While I am going to be starting this diet here soon, I am still looking up information on the diet itself.
I keep finding articles where they state the HCG is a scam and doesn't work and are very unhealthy. I honestly don't believe it cause the way the diet is described, makes perfect sense to me. This is the recent one I found::
Retail versions of a popular weight-loss aid that contain trace amounts of a pregnancy hormone are a fraud and are being sold illegally, a top Food and Drug Administration official said.
The FDA's stance comes after months of hype about the HCG diet and could affect its availability for purchase online and from other retailers.
Consumers in recent months have flocked to the diet, which supporters describe as a weight-loss miracle when combined with a 500-calorie-a-day regimen. Hundreds of people who have shed weight on the controversial diet offer testimonials on websites and social media.
HCG comes in two forms, direct to consumer in a diluted form, and as a prescribed injection from medical professionals.
The product is sold directly to consumers over the Internet or at retail stores, with HCG coming in the form of oral drops, sprays and pellets. Some doctors, weight-loss clinics and medical spas also write prescriptions for human chorionic gonadotropin, or HCG, a natural hormone that is produced in the placenta during pregnancy.
The FDA, the agency that oversees the nation's food and drug products, says the direct-to-consumer HCG products that claim the homeopathic label are a fraud and are being sold illegally.
Homeopathy describes an alternative-medicine practice that includes use of small amounts of medicine to treat an illness. The FDA allows the sale of drugs made from homeopathic ingredients that are listed in the Homeopathic Pharmacopoeia, but HCG is not among the approved ingredients or drugs, said Elizabeth Miller, who oversees the FDA's Internet health-fraud team.
"Anything on the market that claims to be an HCG homeopathic product, it is not," Miller said. "Instead, it is an unapproved drug."
Miller said the federal agency has fielded complaints of "economic fraud" from consumers who said that homeopathic HCG products don't work.
Phoenix-area doctors who are skeptical of the HCG diet say they agree with the FDA's assessment of the popular diet.
"It's a placebo at best," said Craig Primack, a Scottsdale doctor who specializes in weight loss. "There are no studies on oral HCG that anyone can provide. It doesn't seem to do anything."
Primack added that decades-old medical studies show the prescription HCG is not an effective weight-loss method, either.
The federal agency prioritizes its enforcement to emphasize products that cause direct or indirect health risks and is not taking forcible action at this time. If the HCG products contain minute amounts of the hormone, as their labels suggest, they likely won't cause much harm because the protein would be easily broken down by stomach acids, Miller said.
"Because they are unapproved new drugs and they are illegal, they are subject to us taking a compliance action at any time," Miller said.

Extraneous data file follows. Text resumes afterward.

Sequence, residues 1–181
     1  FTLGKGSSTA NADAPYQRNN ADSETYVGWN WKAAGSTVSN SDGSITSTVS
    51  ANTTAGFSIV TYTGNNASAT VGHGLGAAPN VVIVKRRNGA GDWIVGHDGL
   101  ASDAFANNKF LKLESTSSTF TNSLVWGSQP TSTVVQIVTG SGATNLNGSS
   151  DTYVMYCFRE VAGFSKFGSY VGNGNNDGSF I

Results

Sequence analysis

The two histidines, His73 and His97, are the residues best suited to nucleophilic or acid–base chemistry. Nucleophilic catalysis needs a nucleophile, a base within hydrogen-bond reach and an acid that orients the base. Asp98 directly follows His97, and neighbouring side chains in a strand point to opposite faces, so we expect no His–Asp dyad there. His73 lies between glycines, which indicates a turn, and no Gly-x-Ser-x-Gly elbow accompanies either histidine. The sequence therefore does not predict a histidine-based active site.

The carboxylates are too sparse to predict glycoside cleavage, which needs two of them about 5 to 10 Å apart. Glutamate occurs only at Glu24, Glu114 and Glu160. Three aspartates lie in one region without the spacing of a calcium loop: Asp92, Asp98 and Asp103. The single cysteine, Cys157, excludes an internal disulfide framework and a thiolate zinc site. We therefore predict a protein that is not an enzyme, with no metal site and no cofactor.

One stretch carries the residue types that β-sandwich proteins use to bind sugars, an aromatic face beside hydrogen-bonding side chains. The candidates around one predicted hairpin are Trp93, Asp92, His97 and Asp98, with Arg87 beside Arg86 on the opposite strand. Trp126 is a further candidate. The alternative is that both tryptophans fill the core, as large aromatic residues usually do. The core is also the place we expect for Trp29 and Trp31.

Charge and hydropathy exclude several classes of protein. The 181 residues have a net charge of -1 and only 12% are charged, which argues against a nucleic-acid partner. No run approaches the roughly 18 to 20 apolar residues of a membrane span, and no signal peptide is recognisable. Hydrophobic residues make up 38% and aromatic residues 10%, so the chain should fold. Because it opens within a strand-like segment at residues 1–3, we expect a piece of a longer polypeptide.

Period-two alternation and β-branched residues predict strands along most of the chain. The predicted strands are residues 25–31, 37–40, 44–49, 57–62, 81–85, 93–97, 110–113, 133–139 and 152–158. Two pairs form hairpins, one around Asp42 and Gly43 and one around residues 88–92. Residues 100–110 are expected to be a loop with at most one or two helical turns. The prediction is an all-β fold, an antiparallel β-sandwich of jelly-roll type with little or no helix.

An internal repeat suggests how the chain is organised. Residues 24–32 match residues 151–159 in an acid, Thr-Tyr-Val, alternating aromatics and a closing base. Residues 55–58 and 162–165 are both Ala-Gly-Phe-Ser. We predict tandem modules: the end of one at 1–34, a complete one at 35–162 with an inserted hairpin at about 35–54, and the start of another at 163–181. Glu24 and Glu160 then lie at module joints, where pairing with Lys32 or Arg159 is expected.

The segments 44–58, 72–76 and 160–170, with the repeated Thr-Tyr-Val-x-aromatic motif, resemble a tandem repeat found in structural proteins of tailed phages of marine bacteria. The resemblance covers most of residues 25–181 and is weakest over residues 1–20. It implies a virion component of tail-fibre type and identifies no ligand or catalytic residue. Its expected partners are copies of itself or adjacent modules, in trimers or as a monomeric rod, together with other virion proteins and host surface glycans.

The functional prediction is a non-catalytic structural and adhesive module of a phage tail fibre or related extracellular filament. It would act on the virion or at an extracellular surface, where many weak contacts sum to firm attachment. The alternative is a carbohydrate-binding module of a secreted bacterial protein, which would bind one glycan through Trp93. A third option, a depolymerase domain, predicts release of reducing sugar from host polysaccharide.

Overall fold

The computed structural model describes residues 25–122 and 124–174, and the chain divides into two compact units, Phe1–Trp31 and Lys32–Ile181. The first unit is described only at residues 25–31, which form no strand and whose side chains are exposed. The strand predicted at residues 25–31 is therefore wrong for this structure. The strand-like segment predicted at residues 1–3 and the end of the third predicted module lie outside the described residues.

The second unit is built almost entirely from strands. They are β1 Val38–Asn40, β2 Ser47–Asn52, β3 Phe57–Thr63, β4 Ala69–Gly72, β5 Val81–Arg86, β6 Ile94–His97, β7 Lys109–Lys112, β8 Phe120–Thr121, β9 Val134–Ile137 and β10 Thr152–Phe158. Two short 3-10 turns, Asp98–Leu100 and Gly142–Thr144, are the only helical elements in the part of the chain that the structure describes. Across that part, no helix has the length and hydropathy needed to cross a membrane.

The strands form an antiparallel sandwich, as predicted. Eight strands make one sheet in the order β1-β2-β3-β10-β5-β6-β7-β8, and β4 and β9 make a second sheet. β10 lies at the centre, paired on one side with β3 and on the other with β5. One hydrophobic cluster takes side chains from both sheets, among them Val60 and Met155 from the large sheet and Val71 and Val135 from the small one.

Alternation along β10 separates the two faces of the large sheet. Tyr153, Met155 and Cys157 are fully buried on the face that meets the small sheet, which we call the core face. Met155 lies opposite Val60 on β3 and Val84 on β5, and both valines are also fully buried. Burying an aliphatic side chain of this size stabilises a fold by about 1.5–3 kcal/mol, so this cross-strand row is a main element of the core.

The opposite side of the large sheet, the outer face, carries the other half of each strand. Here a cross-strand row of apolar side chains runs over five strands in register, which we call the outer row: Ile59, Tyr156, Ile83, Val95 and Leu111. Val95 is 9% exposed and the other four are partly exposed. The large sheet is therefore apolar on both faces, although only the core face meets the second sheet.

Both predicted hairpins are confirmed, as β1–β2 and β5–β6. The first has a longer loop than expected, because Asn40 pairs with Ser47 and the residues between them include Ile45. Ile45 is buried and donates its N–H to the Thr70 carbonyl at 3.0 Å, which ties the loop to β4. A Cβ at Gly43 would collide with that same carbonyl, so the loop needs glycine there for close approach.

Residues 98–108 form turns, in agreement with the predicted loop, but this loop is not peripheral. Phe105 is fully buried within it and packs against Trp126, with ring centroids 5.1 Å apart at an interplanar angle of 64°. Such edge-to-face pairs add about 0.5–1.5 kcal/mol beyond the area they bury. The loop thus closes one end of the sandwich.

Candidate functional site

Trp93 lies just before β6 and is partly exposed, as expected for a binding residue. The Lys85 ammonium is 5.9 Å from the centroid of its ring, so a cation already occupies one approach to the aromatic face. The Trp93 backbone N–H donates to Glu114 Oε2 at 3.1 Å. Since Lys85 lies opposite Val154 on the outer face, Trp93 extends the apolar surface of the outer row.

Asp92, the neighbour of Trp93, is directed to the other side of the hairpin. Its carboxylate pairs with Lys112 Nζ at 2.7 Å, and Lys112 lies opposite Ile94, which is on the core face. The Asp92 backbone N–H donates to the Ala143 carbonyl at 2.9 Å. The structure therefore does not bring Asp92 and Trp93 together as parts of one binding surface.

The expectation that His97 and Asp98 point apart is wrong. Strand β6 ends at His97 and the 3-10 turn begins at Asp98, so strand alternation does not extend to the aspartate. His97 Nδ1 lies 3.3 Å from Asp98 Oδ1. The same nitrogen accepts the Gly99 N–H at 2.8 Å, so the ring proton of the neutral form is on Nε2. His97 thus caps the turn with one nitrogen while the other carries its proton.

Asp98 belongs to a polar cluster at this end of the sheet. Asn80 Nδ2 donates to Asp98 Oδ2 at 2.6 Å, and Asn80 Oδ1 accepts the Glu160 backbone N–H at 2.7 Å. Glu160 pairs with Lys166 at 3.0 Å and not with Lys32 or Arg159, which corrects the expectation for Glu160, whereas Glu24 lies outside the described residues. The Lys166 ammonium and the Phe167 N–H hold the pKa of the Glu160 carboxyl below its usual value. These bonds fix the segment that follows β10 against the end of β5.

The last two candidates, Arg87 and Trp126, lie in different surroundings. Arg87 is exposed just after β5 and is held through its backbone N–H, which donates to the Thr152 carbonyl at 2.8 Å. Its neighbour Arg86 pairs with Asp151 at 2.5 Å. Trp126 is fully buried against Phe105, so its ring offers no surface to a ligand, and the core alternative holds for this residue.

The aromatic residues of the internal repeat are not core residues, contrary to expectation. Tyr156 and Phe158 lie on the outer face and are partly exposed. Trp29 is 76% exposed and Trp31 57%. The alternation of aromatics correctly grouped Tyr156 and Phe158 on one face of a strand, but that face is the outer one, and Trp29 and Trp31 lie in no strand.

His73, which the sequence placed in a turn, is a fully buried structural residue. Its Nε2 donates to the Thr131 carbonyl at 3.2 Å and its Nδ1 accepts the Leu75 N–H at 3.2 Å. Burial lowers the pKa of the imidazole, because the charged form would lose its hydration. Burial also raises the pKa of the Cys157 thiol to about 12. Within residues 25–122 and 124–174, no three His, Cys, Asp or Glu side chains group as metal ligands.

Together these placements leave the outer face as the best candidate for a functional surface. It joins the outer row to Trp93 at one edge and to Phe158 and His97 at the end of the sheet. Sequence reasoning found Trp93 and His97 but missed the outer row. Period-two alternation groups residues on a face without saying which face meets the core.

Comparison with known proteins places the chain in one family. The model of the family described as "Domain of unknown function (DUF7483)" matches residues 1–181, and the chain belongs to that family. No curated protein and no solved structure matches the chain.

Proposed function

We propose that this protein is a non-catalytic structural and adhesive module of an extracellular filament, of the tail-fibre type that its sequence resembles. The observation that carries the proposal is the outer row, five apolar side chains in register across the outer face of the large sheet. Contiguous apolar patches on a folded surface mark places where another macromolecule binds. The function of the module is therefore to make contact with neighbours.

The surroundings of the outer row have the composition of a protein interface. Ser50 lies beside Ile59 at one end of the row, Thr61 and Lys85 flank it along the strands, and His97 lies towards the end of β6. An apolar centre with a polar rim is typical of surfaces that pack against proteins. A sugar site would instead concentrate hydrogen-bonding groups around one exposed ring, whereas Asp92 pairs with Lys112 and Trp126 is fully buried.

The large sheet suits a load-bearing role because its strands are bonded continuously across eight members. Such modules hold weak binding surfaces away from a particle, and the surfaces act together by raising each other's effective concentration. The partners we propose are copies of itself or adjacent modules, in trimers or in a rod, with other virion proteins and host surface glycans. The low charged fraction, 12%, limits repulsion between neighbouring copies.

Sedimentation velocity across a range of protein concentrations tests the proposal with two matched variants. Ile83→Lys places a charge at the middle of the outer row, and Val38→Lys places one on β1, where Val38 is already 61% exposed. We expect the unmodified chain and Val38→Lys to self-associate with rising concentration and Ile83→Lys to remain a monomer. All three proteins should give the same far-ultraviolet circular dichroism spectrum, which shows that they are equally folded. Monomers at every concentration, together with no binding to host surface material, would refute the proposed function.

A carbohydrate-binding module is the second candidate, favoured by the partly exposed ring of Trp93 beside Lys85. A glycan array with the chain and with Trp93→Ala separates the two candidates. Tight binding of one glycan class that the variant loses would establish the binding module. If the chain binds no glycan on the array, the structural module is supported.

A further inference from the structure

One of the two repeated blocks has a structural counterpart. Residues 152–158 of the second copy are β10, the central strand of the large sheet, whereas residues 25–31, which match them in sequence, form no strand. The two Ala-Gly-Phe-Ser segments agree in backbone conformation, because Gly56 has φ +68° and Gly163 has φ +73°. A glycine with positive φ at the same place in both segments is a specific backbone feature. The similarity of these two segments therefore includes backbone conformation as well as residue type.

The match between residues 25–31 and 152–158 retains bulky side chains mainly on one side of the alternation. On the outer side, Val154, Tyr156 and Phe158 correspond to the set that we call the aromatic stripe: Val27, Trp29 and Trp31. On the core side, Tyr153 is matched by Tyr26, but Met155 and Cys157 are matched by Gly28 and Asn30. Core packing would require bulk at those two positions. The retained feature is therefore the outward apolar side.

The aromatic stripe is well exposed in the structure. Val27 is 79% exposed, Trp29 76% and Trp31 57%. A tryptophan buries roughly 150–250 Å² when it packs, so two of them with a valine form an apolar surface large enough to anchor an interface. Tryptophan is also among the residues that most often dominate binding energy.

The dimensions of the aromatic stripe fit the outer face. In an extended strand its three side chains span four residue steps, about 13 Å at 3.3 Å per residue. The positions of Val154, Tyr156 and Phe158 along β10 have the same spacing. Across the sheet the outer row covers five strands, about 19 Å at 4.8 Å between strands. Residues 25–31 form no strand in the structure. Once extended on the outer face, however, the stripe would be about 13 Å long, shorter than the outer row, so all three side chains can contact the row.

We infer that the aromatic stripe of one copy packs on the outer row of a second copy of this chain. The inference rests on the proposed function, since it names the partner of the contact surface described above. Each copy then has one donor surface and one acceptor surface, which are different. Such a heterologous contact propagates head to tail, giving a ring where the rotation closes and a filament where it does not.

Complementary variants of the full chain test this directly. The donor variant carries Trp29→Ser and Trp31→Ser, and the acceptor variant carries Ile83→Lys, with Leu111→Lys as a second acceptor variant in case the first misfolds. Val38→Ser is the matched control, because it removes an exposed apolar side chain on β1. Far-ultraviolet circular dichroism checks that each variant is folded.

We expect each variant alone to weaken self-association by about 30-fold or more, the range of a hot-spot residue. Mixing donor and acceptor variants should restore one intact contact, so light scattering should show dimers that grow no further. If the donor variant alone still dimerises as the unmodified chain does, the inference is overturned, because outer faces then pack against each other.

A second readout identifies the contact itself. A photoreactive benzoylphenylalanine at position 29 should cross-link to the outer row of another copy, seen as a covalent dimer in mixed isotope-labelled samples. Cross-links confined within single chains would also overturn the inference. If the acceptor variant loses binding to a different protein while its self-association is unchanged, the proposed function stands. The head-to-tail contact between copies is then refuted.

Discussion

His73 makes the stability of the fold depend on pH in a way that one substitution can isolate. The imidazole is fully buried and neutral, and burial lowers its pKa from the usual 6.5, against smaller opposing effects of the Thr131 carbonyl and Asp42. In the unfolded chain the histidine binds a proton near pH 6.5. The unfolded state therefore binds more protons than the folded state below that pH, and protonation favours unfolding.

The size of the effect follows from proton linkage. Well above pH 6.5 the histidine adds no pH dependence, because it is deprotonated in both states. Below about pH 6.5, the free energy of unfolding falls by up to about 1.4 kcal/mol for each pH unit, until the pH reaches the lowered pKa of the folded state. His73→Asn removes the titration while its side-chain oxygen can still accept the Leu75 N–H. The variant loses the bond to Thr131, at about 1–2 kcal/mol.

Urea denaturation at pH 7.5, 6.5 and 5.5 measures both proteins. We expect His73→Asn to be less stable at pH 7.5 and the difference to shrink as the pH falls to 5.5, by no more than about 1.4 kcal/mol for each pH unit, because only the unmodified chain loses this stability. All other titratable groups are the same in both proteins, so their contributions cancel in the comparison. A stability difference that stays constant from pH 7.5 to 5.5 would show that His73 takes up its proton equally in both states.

Retail stores and wholesalers that sell homeopathic HCG products already are changing their product mix.
Hi-Health discontinued selling homeopathic HCG within the past two months. The retailer sells another weight-loss aid for the HCG diet that does not include any trace amounts of the hormone, just herbs and amino acids, said Jay Chopra, the chain's vice president of merchandising.
Chopra said the retail chain's supplier discontinued the homeopathic HCG products.
HCG Platinum, an Internet and wholesale distributor of HCG products, recently halted sales of homeopathic HCG at the request of one of its customers, President Kevin Wright said. HCG Platinum sells its weight-loss products to Rite Aid and health-food chain GNC.
Proponents of the HCG diet say the hormone, when combined with a strict diet, effectively redistributes body fat and stabilizes a person's metabolism. The dieter eventually can expand their low-calorie diet to a more moderate diet of 1,500 to 2,000 calories per day, depending on the individual's metabolism.
When asked how his company's new fat-busting products are effective without HCG, Wright said, "That's a good question. . . . It does work. I have tens of thousands of people who swear our product is amazing."
The HCG diet has gained popularity among some naturopathic doctors, clinics and medical spas that tout its benefits.
The FDA long has held that injectable forms of HCG offered by licensed medical professionals are an unproven weight-loss remedy and can cause health risks such as infection and soreness.
The federal agency has approved synthetic versions of the hormone for uses such as fertility in women.
Doctors have the discretion to prescribe drugs as they see fit, and many have found a lucrative niche in prescribing the hormone for weight loss.
Although the FDA doesn't regulate how doctors prescribe drugs for uses other than what they are approved for, Miller said it is alarming that some build their medical practice with the offer of the HCG diet.
"When people are making their business model prescribing things off-label, to me that is very suspect," Miller said.
Read more: http://www.azcentral.com/business/ar...#ixzz1DTrYFl00
So what do you think??? Is it just a brand of the product or what? I have talked to numerous of people who have done this diet and successfully lost weight and I bought the stuff, so I am going to try it but would love to hear what people have to say.